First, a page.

Review 4

Summary and Contributions: The paper proposes an interaction attribution and detection framework called Archipelago. Specifically, the paper proposes a feature attribution measure called (ArchAttribute), a new axiom, and a feature interaction detector (ArchDetect). The framework has been shown to have better performance than the state-of-the-art [Table 2] in sentiment analysis (using BERT on SST) and image classification (using ResNet on ImageNet). ArchDetect achieves better performance at interaction detection than state-of-the-art [Table 1]. The paper also presents a couple of examples of feature attributions (e.g. Figures 4-6). The claims that the proposed approach is significantly more interpretable but there is no clear evidence of this.

Strengths: In not an expert in the area of interaction detection, but I found the paper and the ideas reasonably easy to follow. The links to existing works on interaction detection are clear, and the ideas are coherent. The paper does an excellent job of showing that in the space of interaction detection, the presented framework achieves better results. From the discussion and results, I am convinced that ArchAttribute and ArchDetect are novel.

Weaknesses: Two key problems lead me to make my final decision. First, I did not see a clear link between "...attribution scores to ground truth annotation labels on subsets of features..." and interpretability. The paper starts by claiming that the proposed framework is interpretable. However, the only link that I found to interpretability was that above statement. To me, it was unclear as to why the measures used in the paper lead to more interpretability. For me, there is no evidence to convince me that the framework enhances interpretability. Second, and leading from the first point, both the title and the framing is misleading. For me, the paper was primarily on pairwise interaction attribution and detection (which I feel that paper did an excellent job at), but the framing of the paper was around interpretability, and as I pointed to before, in my view, there is no evidence of that. As a minor remark, the paper presents some complexity analysis starting on line 179. Would it possible for the authors to include results of actual experiments comparing the performance of their method with the state-of-the-art? There may be a few typos, e.g. interpetability (line 222).

Correctness: As pointed to earlier, work lacks empirical evaluation to demonstrate that the framework improves interpretability. Without clear evidence that measures used in the paper link to interpretability, it is challenging to verify the claim. May be a human study is worth considering?

Clarity: The clarity of the paper is excellent. I found the paper easy to read and understand.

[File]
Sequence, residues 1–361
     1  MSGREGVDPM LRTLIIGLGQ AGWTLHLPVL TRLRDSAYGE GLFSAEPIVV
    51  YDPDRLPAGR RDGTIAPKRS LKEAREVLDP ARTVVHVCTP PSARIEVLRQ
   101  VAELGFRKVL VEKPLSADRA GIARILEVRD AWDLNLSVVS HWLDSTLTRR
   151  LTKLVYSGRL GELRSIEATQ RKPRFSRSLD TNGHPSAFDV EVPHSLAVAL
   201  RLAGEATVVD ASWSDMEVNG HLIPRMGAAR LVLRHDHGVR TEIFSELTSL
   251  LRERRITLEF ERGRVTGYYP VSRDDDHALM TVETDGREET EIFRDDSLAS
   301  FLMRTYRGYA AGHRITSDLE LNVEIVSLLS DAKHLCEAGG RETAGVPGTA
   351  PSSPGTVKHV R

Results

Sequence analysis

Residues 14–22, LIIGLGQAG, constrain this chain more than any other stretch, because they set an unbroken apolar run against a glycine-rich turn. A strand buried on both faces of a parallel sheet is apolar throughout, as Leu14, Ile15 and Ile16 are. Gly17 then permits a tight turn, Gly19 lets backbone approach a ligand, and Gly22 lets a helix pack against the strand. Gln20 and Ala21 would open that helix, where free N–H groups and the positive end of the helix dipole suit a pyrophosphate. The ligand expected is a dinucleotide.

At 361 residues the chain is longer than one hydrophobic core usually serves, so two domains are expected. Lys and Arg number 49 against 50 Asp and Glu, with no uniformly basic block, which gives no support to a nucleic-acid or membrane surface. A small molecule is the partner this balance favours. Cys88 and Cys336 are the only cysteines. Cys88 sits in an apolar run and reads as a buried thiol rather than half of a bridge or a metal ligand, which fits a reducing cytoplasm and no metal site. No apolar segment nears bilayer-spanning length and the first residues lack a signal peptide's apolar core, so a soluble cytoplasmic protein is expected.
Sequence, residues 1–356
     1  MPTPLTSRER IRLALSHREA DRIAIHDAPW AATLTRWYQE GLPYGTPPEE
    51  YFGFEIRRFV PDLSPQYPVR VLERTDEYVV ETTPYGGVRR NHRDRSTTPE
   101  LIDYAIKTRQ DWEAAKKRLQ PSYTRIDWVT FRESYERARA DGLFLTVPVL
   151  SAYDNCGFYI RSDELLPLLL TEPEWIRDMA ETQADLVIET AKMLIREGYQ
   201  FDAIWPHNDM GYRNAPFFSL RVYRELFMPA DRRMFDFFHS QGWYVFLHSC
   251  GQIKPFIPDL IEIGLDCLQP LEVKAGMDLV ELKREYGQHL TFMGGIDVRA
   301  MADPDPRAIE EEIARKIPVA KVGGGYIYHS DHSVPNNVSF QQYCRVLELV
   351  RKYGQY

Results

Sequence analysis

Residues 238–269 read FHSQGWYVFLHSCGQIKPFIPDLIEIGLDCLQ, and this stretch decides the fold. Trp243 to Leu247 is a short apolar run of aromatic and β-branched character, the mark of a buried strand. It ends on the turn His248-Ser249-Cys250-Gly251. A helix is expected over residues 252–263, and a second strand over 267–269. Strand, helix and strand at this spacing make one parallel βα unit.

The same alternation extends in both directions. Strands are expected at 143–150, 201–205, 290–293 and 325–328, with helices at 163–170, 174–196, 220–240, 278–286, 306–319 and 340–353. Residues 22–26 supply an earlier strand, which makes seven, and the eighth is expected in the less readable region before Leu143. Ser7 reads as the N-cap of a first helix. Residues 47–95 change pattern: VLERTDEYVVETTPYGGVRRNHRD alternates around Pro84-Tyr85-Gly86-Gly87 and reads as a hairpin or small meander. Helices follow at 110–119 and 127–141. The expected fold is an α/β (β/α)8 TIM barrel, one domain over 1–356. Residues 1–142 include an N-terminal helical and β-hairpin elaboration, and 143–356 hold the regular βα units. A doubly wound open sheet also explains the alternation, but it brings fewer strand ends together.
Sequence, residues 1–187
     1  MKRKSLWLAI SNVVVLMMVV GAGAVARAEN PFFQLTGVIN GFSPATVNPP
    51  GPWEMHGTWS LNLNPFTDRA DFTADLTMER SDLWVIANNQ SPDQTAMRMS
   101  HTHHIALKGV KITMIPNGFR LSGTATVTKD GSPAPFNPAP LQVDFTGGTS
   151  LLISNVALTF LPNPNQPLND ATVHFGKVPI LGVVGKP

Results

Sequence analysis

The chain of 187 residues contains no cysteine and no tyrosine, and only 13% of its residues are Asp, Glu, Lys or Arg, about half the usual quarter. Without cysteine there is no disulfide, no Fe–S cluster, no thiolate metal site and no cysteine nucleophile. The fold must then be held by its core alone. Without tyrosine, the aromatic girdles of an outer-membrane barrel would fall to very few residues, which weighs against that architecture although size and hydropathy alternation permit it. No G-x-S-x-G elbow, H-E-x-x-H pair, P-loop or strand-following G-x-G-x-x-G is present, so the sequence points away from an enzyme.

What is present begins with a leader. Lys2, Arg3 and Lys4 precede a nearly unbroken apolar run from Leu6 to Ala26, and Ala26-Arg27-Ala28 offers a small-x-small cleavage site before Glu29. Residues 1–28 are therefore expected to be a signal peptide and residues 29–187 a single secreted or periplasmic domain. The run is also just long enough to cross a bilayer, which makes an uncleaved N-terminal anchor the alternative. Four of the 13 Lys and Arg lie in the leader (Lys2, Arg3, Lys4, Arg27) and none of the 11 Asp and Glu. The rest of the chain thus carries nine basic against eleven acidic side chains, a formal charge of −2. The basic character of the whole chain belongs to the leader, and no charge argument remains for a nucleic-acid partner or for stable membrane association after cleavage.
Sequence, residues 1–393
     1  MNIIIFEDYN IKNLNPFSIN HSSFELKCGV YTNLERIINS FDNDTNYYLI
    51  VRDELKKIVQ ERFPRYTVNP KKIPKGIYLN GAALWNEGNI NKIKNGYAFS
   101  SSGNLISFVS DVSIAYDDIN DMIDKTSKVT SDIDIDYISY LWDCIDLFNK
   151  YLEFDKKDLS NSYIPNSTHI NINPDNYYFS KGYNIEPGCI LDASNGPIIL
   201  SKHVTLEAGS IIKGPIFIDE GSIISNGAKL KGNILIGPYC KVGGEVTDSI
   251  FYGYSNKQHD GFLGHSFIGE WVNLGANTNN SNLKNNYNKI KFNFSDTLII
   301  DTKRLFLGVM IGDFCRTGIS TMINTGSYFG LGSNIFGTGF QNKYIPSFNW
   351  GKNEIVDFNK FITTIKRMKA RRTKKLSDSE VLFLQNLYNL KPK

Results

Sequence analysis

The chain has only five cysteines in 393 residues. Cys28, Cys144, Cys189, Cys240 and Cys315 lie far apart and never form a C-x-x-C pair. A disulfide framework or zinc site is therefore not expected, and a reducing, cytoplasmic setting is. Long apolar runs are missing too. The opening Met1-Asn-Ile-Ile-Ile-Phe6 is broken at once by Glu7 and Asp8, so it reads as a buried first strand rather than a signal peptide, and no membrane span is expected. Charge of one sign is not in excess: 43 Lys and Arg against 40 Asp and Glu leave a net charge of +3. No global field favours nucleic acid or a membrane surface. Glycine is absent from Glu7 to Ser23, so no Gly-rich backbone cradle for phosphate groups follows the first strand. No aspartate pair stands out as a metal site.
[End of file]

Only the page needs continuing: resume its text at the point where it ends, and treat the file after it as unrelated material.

Relation to Prior Work: There are clear links to prior work and state-of-the-art methods as far as interaction detection is concerned.

Reproducibility: Yes

Additional Feedback: I thank the authors for their rebuttal. As the authors stated, they will include the discussion on the link between interpretability and ground truth annotations in the revised version. I am satisfied with this response and I have reflected this in my score.

Review 5

Summary and Contributions: This paper introduces methods for identifying sets of feature interactions which are important to a prediction, and axiomatically attributing prediction to those sets.

Strengths: Theoretical grounding strengths: - it generalizes single-feature attribution axioms to the case of interactions, and verifies its proposed method satisfies them - although I'm a bit skeptical of the assumption of the existence of a meaningful "baseline" input whose features don't interact with the input being explained, at least they explicitly state their assumptions. Empirical evaluation strengths: - it validates the method on synthetic examples with ground truth - its real-world evaluation metrics (e.g. in Table 2) are clever and compelling - it tests against a wide variety of baselines - it tests on a wide variety of datasets - it shows many examples that help us qualitatively understand the differences between the methods Relevance: - the paper addresses a relevant problem in the literature on explaining nonlinear model predictions. Most techniques explain such predictions in terms of individual features, or in certain cases, pairwise interactions, despite the fact that we use nonlinear models because of their ability to take advantage of more complicated interactions. It makes a lot of sense to have an explanation method which can identify such interactions when appropriate. Significance and novelty: - The whole area of interaction attribution is still fairly new, especially wrt. interactions higher-order than pairwise.